Watch the Refs

Thursday morning at Southeastern Conference Media Days started with Head of Officials and former SEC referee Rogers Redding going over rule changes and items of added emphasis for the 2008 season. Redding stressed four issues, complete with a video presentation, for the media and fans to be on the watch for in the 2008 season.

First is a new emphasis on patrolling head-to-head contact by a defender. Redding showed clips of defenders leading with the crown of the helmet into the helmet of the offensive player when trying to break up a pass. This contact, Redding said, presents danger to both the defender delivering the hit and the offensive player receiving it, and such contact should result in a 15-yard penalty this season.

Second, there is a new rule in the SEC, following in the footsteps of the NFL rule, which prohibits the so-called horse-collar tackle. This occurs when a defender grabs ball-carrier by the inside of his shoulder pads or jersey and yanks him to the ground. There is a caveat, however, to the rule that Redding tried to point out in showing the video. A horse-collar tackle will only be illegal when the defender immediately pulls the defender to the ground. The defender is still allowed to grab a player by his pads as long as he reels him in and tackles him in a more conventional fashion.

Third, Redding said there will be a renewed "emphasis" on referring taunting and excessive celebration. The video celebrations Redding said would be prohibited this year were pretty tame in general. The first clip showed an Oregon player running through the back of the end zone in completion of the touchdown play and taking three extra steps and jumping embracing for two seconds with fans in the corner of the end zone. This milder version of the Lambeau leap should be called a personal foul, Redding said.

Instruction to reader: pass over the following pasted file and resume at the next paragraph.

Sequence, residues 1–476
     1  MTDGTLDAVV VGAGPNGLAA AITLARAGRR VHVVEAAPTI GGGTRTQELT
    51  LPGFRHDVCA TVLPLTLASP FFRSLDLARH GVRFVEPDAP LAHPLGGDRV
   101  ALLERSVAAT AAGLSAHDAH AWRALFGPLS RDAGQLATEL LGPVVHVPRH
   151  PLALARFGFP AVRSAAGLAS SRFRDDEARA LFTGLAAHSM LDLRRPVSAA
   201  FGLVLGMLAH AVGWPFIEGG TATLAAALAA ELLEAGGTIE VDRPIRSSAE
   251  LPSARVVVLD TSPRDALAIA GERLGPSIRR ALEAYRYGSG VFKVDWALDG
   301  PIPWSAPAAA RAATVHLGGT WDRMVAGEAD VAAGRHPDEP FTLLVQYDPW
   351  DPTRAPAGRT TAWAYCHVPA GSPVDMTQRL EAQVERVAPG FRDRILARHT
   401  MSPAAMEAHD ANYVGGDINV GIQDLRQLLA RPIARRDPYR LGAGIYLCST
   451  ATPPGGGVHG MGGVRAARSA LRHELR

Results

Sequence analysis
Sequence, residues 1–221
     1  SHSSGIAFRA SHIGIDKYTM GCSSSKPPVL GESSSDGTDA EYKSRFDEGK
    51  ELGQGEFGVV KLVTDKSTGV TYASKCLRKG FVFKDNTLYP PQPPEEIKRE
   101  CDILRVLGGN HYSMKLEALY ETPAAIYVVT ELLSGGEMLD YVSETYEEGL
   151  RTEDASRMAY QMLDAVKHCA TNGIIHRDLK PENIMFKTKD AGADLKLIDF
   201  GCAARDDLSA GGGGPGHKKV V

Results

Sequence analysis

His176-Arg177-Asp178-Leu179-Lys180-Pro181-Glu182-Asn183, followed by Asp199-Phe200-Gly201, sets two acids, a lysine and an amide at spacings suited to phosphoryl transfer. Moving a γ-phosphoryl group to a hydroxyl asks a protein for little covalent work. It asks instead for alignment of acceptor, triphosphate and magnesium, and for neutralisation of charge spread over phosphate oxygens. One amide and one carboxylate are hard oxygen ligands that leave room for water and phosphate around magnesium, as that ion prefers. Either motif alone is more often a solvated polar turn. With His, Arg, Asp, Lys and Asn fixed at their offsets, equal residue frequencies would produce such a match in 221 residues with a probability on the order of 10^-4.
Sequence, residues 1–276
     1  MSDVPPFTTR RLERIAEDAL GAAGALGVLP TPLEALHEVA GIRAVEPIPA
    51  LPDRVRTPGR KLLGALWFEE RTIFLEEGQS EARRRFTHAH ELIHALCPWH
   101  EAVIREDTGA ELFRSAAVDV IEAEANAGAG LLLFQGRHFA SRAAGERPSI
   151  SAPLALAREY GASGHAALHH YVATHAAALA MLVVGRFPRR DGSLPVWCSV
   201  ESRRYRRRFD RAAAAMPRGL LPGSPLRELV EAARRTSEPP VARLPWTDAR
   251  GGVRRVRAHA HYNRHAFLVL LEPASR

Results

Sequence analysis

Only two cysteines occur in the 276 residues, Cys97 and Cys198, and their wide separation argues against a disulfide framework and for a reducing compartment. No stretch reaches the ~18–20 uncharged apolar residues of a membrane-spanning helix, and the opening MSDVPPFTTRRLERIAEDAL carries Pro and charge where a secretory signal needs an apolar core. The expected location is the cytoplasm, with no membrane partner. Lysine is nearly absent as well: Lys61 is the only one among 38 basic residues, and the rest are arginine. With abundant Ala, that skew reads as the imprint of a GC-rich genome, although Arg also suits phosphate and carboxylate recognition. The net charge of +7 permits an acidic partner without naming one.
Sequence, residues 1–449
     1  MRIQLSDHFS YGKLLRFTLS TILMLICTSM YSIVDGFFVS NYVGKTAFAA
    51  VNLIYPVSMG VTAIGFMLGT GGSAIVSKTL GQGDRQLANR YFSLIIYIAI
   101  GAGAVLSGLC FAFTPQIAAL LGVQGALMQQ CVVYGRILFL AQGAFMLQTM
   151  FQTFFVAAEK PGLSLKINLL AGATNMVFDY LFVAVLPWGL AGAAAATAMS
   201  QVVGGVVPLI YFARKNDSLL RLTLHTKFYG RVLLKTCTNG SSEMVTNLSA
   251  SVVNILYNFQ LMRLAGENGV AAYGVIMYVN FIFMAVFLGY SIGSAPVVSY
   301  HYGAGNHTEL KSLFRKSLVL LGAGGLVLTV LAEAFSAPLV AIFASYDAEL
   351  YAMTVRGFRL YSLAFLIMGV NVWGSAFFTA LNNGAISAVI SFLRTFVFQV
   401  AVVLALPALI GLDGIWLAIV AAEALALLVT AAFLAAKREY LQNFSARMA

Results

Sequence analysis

The next clip showed a player acting like he was taking one swing of an axe after sacking a quarterback, and the third showed a USC player pointing at the defender who was supposed to be covering him after he scored a touchdown. The SEC wants its players, who are trained to be aggressive and self-confident, to be so in a gentlemanly way.

The final new rule Redding called to the media's attention was a new policy for sideline warnings. This will be fun to watch to see if any SEC coaches shoot themselves in the foot by forgetting the new rule. This year, a first sideline warning will result in a five yard penalty. There are no more warnings for sideline infractions. The second sideline warning for a team will also result in a sideline warning, and any infractions after that will be a 15-yard penalty.

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